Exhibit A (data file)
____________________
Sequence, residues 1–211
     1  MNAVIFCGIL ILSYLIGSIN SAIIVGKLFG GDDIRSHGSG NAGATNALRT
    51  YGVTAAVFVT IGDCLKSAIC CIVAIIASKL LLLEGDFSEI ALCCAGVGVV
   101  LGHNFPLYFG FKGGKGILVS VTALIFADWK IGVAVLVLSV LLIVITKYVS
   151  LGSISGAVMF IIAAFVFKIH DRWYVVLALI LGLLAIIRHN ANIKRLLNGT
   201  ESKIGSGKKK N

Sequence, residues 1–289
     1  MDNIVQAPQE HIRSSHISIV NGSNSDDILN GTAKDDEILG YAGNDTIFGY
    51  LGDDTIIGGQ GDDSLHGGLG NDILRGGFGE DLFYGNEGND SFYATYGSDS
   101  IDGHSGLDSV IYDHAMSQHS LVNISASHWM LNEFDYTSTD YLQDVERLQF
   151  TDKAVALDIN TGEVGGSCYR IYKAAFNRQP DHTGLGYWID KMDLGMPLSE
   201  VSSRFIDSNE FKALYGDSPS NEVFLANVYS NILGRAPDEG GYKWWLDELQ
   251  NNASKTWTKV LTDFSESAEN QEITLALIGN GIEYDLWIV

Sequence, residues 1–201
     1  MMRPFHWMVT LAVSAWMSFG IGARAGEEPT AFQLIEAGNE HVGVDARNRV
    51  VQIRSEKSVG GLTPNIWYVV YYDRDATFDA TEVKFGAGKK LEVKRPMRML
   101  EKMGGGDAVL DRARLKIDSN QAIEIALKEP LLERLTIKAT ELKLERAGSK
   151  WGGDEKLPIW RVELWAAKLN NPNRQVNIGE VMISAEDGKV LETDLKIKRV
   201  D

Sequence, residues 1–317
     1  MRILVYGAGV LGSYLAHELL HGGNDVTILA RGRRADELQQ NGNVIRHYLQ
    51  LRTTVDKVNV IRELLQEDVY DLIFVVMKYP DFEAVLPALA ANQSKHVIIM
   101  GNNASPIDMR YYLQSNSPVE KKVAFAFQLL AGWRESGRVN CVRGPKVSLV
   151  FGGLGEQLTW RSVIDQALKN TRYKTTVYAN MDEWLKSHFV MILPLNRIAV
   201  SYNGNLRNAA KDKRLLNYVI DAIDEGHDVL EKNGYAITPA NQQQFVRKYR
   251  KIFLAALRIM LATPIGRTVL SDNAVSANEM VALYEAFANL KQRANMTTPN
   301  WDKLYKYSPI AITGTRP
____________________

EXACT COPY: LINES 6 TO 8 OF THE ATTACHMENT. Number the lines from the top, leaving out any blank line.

   201  ESKIGSGKKK N

Sequence, residues 1–289
     1  MDNIVQAPQE HIRSSHISIV NGSNSDDILN GTAKDDEILG YAGNDTIFGY